E. David Crawford, MD, and Phillip J. Koo, MD, presented “Summarizing the RADAR Guidelines” during the 27th Annual Perspectives in Urology: Point Counterpoint on November 9, 2018 in Scottsdale, Arizona.

How to cite: Crawford, E. David and Koo, Phillip J. “Summarizing the RADAR Guidelines” November 9, 2018. Accessed Jul 2024. https://grandroundsinurology.com/summarizing-the-radar-guidelines/

Summarizing the RADAR Guidelines:

E. David Crawford, MD, reviews the findings and recommendations of the Radiographic Assessments for Detection of Advanced Recurrence (RADAR) I and II working groups. Phillip J. Koo, MD, then discusses the rationale for RADAR III and the expansion in recommendations from the first two iterations, focusing on updates regarding next generation imaging.


RADAR I, published in 2014, addressed a lack of consensus among imaging guidelines for metastatic disease in prostate cancer. As a result of these inconsistencies, there was significant underdiagnosis of metastatic disease. The group of experts reviewed the guidelines available at the time and presented their own recommendations defining optimal strategies for early identification of metastases in patients with prostate cancer.

The RADAR II group coined the term “therapeutic layering” in their review, published in 2017. Their goal was to provide consensus and guidance on the sequencing and combination of approved treatments for metastatic castration resistant prostate cancer (CRPC).

Building from the first two iterations of the RADAR working group, RADAR III aimed to understand the potential use of next generation imaging (NGI) modalities in the initial staging of prostate cancer, as well as in biochemically recurrent, nonmetastatic or metastatic prostate cancer, and CRPC patients. This presentation summarizes the expansions from RADAR I and II recommendations included in RADAR III.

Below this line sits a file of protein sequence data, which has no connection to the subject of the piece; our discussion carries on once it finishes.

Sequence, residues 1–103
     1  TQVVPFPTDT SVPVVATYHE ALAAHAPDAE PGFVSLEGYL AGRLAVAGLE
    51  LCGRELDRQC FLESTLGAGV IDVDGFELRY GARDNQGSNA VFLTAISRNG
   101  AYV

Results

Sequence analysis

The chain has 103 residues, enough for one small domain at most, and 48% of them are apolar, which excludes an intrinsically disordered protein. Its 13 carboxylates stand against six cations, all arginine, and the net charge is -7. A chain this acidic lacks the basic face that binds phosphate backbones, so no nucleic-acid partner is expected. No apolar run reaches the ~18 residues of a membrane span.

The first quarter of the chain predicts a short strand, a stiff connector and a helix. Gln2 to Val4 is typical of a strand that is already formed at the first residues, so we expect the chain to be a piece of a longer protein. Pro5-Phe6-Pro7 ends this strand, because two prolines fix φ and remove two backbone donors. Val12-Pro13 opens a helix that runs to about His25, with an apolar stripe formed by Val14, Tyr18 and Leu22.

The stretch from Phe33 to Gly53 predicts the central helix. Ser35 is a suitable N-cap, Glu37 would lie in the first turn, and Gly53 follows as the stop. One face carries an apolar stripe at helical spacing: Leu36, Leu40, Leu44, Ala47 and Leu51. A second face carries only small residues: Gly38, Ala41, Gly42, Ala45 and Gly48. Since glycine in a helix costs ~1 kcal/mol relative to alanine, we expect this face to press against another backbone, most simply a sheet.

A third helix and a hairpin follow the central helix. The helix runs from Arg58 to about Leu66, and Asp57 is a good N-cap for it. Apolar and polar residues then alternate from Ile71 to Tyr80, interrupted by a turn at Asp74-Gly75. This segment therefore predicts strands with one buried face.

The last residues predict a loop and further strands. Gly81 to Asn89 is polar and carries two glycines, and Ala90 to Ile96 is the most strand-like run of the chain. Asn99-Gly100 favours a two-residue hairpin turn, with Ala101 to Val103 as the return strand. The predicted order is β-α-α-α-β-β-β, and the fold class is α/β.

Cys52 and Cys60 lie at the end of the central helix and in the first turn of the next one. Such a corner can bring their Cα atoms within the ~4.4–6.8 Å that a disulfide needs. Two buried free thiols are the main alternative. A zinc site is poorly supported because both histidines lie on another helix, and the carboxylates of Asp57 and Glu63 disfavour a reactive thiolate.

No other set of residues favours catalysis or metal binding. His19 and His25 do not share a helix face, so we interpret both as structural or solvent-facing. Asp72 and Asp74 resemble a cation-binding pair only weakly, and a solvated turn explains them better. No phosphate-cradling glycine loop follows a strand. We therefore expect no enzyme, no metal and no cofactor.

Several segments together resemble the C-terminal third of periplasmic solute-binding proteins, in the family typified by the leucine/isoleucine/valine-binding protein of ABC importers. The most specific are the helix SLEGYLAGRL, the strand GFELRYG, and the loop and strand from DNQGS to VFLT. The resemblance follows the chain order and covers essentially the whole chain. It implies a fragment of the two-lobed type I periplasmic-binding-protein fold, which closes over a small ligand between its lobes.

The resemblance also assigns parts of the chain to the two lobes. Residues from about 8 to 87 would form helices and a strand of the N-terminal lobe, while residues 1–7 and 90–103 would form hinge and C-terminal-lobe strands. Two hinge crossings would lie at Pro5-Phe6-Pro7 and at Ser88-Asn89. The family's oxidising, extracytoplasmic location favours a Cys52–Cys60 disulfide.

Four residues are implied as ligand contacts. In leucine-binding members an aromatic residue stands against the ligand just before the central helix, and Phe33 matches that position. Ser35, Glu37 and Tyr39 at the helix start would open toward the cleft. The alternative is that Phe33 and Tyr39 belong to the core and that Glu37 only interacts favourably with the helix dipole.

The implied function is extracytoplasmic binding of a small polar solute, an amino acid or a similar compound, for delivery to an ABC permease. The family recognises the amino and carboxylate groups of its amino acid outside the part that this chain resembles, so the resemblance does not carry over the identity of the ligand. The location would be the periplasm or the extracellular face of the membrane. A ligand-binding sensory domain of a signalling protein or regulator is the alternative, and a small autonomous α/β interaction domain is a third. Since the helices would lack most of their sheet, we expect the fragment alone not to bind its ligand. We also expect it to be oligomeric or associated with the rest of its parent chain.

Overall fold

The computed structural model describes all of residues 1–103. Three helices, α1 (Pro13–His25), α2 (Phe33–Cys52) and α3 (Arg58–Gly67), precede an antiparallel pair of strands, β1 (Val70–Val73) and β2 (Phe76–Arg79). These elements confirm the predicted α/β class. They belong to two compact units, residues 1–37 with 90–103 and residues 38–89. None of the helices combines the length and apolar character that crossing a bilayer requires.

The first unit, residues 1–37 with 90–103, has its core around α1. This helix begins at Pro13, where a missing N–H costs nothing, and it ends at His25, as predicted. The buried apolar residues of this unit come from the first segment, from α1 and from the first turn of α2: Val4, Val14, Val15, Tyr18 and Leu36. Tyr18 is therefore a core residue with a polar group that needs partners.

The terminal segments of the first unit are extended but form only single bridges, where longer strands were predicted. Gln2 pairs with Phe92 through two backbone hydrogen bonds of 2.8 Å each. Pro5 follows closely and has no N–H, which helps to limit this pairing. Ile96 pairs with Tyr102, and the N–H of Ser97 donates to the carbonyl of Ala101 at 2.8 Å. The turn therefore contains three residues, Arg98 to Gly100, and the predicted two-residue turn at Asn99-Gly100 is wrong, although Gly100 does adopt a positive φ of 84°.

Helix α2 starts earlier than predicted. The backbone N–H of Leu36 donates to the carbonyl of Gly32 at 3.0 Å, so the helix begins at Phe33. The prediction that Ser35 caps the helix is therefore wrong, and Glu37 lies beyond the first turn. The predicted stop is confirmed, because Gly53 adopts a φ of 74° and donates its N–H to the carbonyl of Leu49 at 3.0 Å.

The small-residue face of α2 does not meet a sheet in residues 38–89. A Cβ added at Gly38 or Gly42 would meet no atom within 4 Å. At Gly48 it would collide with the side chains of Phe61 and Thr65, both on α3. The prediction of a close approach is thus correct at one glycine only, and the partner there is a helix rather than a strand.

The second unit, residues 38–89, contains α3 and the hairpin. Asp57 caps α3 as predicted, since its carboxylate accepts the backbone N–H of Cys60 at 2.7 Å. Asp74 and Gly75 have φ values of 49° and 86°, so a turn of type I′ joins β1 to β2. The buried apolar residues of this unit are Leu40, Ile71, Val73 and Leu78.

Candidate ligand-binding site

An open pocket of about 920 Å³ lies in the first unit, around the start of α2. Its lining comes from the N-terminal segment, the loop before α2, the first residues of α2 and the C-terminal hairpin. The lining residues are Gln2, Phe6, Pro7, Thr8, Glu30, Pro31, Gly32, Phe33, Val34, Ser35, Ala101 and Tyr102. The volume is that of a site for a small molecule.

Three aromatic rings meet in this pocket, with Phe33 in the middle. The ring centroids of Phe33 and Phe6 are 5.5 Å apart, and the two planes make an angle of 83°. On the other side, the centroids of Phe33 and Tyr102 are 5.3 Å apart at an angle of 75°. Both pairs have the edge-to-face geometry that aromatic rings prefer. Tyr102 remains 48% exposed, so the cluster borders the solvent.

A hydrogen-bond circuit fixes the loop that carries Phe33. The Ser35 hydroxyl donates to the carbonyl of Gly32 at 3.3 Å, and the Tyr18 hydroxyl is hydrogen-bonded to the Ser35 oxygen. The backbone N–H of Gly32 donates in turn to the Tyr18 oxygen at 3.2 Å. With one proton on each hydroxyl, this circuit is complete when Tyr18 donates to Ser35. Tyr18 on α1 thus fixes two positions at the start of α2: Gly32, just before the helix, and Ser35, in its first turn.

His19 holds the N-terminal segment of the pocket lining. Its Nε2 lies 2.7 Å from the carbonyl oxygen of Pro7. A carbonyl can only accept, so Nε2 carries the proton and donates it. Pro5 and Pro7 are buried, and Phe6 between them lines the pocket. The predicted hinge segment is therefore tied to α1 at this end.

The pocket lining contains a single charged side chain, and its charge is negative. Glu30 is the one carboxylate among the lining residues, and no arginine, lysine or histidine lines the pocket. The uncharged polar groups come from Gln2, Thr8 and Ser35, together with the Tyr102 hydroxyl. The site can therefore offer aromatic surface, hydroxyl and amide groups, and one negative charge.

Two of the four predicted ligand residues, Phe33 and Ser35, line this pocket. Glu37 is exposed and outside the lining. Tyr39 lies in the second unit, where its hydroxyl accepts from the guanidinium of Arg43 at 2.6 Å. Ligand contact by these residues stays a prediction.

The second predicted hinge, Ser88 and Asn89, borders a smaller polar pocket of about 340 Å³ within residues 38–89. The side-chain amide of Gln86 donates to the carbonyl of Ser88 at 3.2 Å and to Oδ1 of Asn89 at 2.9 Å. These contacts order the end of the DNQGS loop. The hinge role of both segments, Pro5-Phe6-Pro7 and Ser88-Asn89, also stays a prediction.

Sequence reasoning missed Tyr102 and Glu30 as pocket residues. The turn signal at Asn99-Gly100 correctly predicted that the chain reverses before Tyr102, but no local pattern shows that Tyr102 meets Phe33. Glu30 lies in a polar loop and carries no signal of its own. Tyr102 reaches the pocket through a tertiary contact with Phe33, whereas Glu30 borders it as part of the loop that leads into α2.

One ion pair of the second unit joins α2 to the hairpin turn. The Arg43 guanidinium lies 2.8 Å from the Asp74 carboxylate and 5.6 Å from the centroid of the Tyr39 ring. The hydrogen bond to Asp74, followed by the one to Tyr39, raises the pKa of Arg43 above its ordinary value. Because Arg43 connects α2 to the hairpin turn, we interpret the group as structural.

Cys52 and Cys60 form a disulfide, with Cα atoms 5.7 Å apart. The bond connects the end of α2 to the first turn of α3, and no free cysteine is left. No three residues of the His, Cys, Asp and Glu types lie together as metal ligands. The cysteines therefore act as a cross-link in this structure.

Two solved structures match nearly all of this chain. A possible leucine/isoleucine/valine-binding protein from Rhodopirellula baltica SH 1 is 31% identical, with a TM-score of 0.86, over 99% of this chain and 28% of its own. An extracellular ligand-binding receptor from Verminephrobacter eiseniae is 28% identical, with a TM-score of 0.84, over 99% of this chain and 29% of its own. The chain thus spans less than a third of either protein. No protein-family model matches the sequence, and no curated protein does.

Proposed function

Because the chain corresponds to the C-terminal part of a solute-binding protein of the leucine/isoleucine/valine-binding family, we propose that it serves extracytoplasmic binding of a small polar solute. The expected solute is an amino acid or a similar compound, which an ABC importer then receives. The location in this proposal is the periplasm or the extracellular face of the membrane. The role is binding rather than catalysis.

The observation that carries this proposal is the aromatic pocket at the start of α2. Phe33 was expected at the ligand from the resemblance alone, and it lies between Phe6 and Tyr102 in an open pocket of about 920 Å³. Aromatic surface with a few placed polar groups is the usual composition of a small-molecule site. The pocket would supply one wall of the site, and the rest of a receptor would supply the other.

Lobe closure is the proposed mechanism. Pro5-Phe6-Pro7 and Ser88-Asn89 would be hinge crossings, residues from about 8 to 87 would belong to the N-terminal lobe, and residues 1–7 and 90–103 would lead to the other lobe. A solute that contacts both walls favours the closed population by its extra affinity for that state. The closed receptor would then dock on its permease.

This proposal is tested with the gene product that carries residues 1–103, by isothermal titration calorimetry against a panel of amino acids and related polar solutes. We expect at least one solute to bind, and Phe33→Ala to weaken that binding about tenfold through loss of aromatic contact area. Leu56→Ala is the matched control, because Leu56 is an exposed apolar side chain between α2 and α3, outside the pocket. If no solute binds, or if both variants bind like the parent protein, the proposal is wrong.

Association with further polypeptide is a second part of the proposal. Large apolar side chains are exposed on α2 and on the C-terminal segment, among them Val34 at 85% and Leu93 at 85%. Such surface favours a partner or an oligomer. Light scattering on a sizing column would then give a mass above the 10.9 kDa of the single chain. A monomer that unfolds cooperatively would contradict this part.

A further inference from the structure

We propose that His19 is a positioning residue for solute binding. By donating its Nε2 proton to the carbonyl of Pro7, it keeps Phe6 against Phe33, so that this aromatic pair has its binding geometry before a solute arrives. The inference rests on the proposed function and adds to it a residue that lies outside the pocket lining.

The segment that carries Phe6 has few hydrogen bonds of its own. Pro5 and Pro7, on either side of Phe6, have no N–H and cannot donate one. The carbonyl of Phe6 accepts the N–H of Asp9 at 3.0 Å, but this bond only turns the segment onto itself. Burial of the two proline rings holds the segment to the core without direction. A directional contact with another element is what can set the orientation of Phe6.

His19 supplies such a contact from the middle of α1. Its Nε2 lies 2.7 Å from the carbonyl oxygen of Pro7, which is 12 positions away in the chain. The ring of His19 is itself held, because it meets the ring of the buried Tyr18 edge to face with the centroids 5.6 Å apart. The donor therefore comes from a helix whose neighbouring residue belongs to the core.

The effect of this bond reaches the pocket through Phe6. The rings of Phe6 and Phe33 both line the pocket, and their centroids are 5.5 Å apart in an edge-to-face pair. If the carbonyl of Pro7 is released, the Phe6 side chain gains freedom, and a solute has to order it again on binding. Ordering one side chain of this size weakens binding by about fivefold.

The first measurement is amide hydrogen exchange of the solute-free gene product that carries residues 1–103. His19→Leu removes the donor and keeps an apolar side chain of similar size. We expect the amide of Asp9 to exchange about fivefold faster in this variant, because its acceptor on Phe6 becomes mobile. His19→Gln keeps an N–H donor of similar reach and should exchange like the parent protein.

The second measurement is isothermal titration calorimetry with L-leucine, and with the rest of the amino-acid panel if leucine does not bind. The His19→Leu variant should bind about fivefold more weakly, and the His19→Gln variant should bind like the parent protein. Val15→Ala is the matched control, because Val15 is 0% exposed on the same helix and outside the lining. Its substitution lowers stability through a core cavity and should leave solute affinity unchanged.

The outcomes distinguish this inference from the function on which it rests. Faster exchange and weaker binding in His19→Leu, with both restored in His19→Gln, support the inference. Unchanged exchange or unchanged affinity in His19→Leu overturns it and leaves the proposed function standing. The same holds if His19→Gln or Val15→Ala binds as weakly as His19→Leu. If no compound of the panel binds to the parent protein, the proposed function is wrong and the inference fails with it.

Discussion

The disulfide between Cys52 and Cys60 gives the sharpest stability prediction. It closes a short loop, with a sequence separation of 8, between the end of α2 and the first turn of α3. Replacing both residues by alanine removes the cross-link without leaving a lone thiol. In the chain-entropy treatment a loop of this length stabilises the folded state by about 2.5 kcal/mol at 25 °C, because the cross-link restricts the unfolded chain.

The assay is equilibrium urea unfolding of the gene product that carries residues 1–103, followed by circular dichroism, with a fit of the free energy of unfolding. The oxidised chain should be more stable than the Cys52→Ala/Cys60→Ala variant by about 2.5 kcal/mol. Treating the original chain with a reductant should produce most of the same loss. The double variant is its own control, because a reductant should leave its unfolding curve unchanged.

Additional objectives of RADAR III involved the integration of results obtained into clinical decision-making algorithms, gauging the rapidity and ease of uptake of these modalities in different clinical practice settings across the country, as well as redefining existing terminology to better represent the changing landscape in these disease settings.

RADAR III discussed major radiopharmaceuticals such as fluciclovine, C-11 choline, and gallium 68 PSMA. The most mature and robust data evaluating these NGI tools has been in biochemical recurrent patients. Overall, the data favors these NGI agents as compared to conventional imaging methods. Therefore, the group’s strongest recommendation for use of NGI is in patients with biochemical recurrent prostate cancer.

About Perspectives in Urology: Point Counterpoint

Perspectives in Urology: Point Counterpoint (PCP) is an annual CME-accredited conference devoted to discussing and debating the latest topics in men’s health, general urology, and genitourinary cancers. The conference’s format includes more than didactic lectures. It also includes debates, point-counterpoint discussion panels, and unique case-based presentations. Drs. Crawford and Koo presented this lecture during the 27th PCP in 2018. Please visit this page in order to register for future PCP meetings.


Phillip J. Koo, MD, is the Chief of Diagnostic Imaging at the Banner MD Anderson Cancer Center in Phoenix, Arizona. Prior to this, he was Chief of Nuclear Medicine and Associate Professor of Radiology at the University of Colorado School of Medicine in Aurora, Colorado. Dr. Koo completed his transitional internship at the University of Pennsylvania Medical Center-Presbyterian and his radiology residency at Pennsylvania Hospital of the University of Pennsylvania Health System in Philadelphia, Pennsylvania. He completed his fellowship at the Harvard Medical School Joint Program in Nuclear Medicine in Boston, Massachusetts. Dr. Koo is a diplomate of both the American Board of Radiology (ABR) and American Board of Nuclear Medicine(ABNM). His academic interests have focused on PET imaging in prostate cancer, response to novel therapies using PET, and data-driven motion correction. He has lectured nationally and internationally on topics related to imaging and radiopharmaceutical based therapies in prostate cancer. In 2022, Dr. Koo was the recipient of the Society of Nuclear Medicine and Molecular Imaging (SNMMI) Presidential Distinguished Service Award.